But security officials said that Poroshenko had also agreed to meet Orban, who has previously praised Russian President Vladimir Putin and refused to support Kyiv’s bid for EU accession. In a statement on social media, they said such talks would make Poroshenko a “tool in the hands of the Russian special services.”
Poroshenko, who called his experience at the border an “attack on unity”, is yet to comment on the allegation that he planned to meet Orban.
Meanwhile, Ukraine’s Zaporizhzhia nuclear power plant was left on “the verge of a nuclear and radiation accident” Saturday after it was unable to draw power from two of the lines connecting it to the local energy grid, the country’s nuclear energy operator said.
It said that the plant switched to diesel generators to stop the plant from overheating before off-site power was restored by Kyiv.
Russia occupied the Zaporizhzhia plant in the early stages of the war. Over the past year, the station has become a focal point of concern for international observers, with both Moscow and Kyiv accusing each other of shelling the plant.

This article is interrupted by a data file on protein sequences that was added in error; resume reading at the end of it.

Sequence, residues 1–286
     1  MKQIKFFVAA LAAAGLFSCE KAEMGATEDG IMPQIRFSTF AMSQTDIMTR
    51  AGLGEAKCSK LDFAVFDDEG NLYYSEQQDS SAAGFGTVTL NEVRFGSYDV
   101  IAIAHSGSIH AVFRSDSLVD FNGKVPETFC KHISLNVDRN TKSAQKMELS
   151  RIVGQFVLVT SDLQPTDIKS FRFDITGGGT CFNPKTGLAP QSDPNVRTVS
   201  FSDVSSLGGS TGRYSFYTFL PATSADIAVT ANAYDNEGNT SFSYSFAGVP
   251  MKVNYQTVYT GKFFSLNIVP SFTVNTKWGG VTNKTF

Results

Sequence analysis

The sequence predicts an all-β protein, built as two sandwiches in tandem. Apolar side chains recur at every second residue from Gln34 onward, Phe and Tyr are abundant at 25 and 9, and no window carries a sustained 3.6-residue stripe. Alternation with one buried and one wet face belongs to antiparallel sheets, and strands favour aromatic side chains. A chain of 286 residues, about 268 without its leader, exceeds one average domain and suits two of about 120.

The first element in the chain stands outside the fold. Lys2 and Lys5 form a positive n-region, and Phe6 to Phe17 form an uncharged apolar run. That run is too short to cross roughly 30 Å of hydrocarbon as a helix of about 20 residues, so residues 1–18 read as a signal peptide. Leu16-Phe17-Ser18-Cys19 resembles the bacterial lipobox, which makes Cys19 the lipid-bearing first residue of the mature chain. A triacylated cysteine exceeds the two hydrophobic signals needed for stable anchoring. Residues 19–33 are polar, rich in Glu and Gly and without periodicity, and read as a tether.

In a statement on social media, Petro Kotin, head of Ukraine’s nuclear energy operator, accused Moscow of “incorrect, erroneous, and often deliberately risky operation of the equipment” at the site.
The Associated Press was unable to independently verify the claims.
Officials from the International Atomic Energy Agency (IAEA) have been monitoring safety at the Zaporizhzhia plant, which is one of the world’s 10 biggest nuclear power stations.
Although the plant’s six reactors have been shut down for months, it still needs power and qualified staff to operate crucial cooling systems and other safety features.
Elsewhere in Ukraine, Russia launched 11 Iranian-made Shahed drones and one guided cruise missile overnight Saturday, military officials said. The missile and all but one of the drones were reportedly destroyed by Ukrainian air defenses.